Black Sunday (novel)

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This article is about the novel. For other meanings, see Black Sunday (disambiguation).
Black Sunday
BlackSunday.jpg
First edition cover
Author Thomas Harris
Country United States
Language English
Publisher G.P. Putnam's Sons
Publication date
1975
Media type Print (Hardback)
Pages 318
ISBN 0-399-11443-2
OCLC 1123602
813/.5/4
LC Class PZ4.H3163 Bl PS3558.A656

Black Sunday is a 1975 novel by Thomas Harris.[1]

It was the first novel by Harris, and achieved only moderate success[1] until it was sold to Hollywood. The novel is a thriller about a plot by terrorists to commit mass murder during the Super Bowl in New Orleans, and law enforcement efforts to stop them. Harris wrote the novel after watching the 1972 Munich Olympics hostage crisis where Palestinian terrorists took Israeli athletes hostage and murdered them.

Harris went on to write the Hannibal Lecter series.

Plot[edit]

Michael Lander is a pilot who flies the Aldrich Blimp over NFL football games to film them for network television. He is also, secretly, deranged by years of torture as a prisoner of war in Vietnam, a bitter court martial on his return and a failed marriage. He longs to commit suicide and to take with him as many as possible of the cheerful, carefree American civilians he sees from his blimp each weekend.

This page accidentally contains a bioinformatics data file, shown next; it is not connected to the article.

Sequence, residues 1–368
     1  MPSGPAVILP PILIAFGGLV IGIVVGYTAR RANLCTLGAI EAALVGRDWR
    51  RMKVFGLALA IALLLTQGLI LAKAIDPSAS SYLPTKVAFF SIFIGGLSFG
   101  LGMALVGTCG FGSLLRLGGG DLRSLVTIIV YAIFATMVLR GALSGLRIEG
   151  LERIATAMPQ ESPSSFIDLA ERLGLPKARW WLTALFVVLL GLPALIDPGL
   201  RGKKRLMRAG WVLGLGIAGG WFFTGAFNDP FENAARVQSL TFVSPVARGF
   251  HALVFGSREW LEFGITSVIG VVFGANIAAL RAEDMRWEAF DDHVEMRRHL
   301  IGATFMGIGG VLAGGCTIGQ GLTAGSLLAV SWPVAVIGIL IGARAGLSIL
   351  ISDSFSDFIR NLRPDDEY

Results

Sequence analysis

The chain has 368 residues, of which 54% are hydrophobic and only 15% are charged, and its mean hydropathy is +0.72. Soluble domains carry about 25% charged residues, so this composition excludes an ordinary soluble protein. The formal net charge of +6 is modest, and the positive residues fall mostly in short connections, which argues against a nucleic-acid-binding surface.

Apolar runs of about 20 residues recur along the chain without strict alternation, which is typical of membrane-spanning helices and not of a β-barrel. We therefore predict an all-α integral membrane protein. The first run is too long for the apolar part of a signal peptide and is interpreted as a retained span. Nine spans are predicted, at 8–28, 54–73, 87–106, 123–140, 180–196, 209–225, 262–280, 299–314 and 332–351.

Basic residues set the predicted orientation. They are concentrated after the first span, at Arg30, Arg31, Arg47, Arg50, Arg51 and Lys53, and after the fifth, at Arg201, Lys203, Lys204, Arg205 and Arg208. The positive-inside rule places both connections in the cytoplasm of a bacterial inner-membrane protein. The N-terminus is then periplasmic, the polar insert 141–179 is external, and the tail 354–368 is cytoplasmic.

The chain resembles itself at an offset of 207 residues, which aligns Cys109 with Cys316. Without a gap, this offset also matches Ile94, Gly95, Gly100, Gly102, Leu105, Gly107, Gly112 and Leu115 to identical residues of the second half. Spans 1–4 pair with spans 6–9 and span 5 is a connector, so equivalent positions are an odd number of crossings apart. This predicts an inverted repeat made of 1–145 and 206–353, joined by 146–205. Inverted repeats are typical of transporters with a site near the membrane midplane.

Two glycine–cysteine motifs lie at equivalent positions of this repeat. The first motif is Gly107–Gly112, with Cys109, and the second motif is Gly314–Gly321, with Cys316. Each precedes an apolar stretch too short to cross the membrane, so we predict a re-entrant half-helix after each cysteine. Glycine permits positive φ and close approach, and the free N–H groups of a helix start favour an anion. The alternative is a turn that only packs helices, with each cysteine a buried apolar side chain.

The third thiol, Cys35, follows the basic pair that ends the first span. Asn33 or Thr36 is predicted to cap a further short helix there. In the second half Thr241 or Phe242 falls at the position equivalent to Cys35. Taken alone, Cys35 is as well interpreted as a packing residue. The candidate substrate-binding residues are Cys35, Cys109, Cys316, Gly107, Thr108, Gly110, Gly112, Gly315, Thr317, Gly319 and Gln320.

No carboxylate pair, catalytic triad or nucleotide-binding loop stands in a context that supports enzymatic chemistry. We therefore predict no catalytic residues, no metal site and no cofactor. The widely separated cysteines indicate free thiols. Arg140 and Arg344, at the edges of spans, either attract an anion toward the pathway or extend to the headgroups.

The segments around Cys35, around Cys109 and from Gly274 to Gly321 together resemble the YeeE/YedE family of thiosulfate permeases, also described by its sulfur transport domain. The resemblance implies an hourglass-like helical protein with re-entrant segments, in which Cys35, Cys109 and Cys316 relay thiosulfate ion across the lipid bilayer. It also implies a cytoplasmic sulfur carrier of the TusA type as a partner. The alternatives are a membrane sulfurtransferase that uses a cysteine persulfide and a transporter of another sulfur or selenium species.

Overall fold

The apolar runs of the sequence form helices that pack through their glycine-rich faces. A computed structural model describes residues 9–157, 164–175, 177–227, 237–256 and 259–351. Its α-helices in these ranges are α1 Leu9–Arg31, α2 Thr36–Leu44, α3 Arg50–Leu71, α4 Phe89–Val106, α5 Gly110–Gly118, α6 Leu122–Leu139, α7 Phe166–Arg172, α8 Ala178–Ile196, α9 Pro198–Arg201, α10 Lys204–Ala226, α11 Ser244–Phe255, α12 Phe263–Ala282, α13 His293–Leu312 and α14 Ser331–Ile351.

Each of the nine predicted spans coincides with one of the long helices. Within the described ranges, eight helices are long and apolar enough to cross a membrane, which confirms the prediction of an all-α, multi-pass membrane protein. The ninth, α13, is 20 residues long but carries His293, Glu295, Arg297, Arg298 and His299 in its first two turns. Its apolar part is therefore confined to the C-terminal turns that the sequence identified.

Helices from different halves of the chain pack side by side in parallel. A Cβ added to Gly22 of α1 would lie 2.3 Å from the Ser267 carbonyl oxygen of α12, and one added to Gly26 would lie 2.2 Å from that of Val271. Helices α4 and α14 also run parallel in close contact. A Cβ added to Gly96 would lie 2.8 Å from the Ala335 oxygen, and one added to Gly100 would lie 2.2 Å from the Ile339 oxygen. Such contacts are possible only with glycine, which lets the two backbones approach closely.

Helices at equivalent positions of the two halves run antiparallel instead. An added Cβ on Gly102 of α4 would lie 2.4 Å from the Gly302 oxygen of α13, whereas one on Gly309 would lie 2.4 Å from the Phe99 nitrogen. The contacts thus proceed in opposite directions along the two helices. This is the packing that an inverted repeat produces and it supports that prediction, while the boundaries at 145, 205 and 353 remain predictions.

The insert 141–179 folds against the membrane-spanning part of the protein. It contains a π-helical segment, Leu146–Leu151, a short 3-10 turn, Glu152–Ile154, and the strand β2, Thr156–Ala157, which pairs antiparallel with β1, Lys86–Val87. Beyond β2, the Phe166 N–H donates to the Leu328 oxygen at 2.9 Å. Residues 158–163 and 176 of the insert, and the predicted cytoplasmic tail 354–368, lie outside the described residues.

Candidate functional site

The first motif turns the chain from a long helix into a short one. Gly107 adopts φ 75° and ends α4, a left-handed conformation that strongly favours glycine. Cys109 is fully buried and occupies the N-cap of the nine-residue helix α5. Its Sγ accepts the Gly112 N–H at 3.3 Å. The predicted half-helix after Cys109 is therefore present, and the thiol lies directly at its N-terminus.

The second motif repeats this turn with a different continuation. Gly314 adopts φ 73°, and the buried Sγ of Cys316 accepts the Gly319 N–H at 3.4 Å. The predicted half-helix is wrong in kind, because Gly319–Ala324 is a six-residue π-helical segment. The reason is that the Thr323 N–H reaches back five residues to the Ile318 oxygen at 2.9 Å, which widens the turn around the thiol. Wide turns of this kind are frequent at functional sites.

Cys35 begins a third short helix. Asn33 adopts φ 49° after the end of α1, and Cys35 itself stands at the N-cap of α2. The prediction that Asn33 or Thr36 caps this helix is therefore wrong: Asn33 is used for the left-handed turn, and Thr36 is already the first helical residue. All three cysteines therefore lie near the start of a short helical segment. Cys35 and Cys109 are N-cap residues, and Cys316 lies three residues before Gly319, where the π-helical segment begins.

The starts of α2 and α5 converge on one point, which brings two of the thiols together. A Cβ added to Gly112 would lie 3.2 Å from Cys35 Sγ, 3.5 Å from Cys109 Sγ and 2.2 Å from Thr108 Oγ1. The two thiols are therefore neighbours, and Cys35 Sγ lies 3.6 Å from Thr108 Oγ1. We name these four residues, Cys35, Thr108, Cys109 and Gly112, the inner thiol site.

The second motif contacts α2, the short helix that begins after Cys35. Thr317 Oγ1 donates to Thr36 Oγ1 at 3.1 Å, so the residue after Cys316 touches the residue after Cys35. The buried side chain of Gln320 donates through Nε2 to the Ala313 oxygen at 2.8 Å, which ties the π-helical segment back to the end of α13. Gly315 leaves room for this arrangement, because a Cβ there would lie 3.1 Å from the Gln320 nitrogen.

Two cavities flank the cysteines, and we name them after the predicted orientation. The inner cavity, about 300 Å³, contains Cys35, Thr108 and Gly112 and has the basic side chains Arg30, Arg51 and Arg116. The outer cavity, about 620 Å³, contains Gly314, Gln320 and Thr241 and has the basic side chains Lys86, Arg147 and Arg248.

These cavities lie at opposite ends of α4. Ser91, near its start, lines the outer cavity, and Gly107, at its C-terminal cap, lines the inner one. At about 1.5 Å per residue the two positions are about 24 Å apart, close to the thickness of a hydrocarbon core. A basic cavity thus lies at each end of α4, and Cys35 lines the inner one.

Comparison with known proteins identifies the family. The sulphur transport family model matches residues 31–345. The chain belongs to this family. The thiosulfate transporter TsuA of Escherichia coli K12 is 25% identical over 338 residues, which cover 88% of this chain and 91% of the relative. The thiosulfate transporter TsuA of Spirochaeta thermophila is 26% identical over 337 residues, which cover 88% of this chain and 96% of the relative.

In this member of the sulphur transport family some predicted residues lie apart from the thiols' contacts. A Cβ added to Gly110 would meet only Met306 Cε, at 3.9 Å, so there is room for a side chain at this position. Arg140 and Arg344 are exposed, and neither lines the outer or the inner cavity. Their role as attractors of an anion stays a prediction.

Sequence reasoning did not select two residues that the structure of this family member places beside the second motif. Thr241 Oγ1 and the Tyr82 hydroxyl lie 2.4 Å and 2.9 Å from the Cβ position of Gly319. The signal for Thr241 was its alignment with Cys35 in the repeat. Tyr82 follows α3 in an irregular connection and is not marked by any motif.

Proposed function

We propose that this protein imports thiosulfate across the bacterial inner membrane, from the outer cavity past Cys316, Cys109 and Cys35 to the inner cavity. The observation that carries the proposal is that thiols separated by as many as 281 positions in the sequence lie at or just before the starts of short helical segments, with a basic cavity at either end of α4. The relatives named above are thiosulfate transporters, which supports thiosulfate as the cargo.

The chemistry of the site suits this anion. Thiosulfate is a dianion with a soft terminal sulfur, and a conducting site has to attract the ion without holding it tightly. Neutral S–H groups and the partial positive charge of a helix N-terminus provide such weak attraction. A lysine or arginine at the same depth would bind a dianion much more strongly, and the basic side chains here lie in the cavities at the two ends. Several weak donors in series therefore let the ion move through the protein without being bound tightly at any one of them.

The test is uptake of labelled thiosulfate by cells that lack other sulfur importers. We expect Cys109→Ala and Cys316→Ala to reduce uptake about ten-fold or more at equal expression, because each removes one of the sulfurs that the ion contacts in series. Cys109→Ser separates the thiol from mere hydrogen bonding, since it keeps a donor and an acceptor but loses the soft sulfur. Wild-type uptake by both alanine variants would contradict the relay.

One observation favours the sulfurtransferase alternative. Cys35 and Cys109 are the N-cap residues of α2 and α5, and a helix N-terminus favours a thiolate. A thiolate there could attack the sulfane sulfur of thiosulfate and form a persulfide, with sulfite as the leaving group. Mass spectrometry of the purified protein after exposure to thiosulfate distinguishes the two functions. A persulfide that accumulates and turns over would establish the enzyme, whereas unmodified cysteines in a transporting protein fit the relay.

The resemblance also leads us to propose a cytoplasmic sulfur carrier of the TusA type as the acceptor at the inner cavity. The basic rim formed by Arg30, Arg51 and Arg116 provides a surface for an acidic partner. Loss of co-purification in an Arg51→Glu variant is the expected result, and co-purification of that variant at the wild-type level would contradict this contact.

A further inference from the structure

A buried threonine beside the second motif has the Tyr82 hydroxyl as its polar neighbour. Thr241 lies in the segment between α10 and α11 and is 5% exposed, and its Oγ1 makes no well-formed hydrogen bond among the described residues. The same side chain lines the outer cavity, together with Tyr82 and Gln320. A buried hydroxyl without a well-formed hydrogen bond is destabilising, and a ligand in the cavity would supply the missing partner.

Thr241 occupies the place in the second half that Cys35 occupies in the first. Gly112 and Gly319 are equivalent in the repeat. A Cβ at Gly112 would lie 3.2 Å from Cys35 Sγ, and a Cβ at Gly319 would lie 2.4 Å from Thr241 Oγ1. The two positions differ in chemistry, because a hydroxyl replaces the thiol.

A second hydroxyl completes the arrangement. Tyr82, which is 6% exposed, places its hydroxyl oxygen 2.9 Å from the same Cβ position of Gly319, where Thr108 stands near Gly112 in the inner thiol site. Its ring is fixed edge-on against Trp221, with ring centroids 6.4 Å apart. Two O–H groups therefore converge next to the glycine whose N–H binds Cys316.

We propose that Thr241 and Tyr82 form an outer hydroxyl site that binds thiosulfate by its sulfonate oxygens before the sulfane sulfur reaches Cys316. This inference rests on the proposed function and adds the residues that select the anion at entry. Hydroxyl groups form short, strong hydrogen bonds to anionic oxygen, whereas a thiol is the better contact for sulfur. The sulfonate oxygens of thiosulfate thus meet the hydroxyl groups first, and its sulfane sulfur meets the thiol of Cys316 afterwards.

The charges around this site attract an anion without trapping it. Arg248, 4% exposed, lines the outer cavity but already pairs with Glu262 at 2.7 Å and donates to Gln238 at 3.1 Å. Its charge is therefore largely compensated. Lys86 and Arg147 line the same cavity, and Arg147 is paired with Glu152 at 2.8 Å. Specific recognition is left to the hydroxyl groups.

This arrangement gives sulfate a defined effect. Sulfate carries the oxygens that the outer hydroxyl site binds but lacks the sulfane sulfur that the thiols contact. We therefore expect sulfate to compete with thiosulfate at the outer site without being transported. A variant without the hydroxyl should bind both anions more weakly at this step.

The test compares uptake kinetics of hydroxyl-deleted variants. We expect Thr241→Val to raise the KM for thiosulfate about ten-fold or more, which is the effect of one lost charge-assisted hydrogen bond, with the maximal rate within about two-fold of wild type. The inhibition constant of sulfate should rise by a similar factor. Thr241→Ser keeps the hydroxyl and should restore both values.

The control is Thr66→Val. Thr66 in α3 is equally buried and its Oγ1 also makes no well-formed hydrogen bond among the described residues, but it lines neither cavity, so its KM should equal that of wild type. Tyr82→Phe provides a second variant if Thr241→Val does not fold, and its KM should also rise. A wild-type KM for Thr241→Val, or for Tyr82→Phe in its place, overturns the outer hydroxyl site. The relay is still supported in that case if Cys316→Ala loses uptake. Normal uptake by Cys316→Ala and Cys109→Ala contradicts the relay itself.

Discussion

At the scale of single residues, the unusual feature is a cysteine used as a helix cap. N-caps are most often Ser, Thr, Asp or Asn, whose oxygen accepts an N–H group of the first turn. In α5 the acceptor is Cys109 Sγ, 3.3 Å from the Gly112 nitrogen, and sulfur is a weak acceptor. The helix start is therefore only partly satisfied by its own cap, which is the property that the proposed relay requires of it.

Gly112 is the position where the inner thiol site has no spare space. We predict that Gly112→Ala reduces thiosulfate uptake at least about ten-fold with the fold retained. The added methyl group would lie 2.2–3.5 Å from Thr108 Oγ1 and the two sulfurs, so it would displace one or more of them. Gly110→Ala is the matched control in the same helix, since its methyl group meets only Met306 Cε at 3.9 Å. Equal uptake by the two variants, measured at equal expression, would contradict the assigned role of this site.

Lander conspires with Dahlia Iyad, an operative from the Palestinian terrorist group Black September, to launch a suicide attack using a bomb composed of plastique and a quarter million steel darts, housed on the underside of the gondola of the Aldrich Blimp, which they will detonate over Tulane Stadium during a Super Bowl between the Miami Dolphins and the Washington Redskins. Dahlia and Black September, in turn, intend the attack as a wake-up call for the American people, to turn their attention and the world's to the plight of the Palestinians.

American and Israeli intelligence, led by Mossad agent David Kabakov and FBI agent Sam Corley, race to prevent the catastrophe. They piece together the path of the explosives into the country, and Dahlia's own movements.

In a spectacular conclusion, the bomb-carrying blimp is chased by helicopters as it approaches the packed stadium.

Film adaptation[edit]

In 1977, a film was made based on the novel starring Robert Shaw and Bruce Dern and directed by John Frankenheimer.

References[edit]

  1. ^ a b Cowley, Jason. "Creator of a monstrous hit," The Observer (Nov. 18, 2006).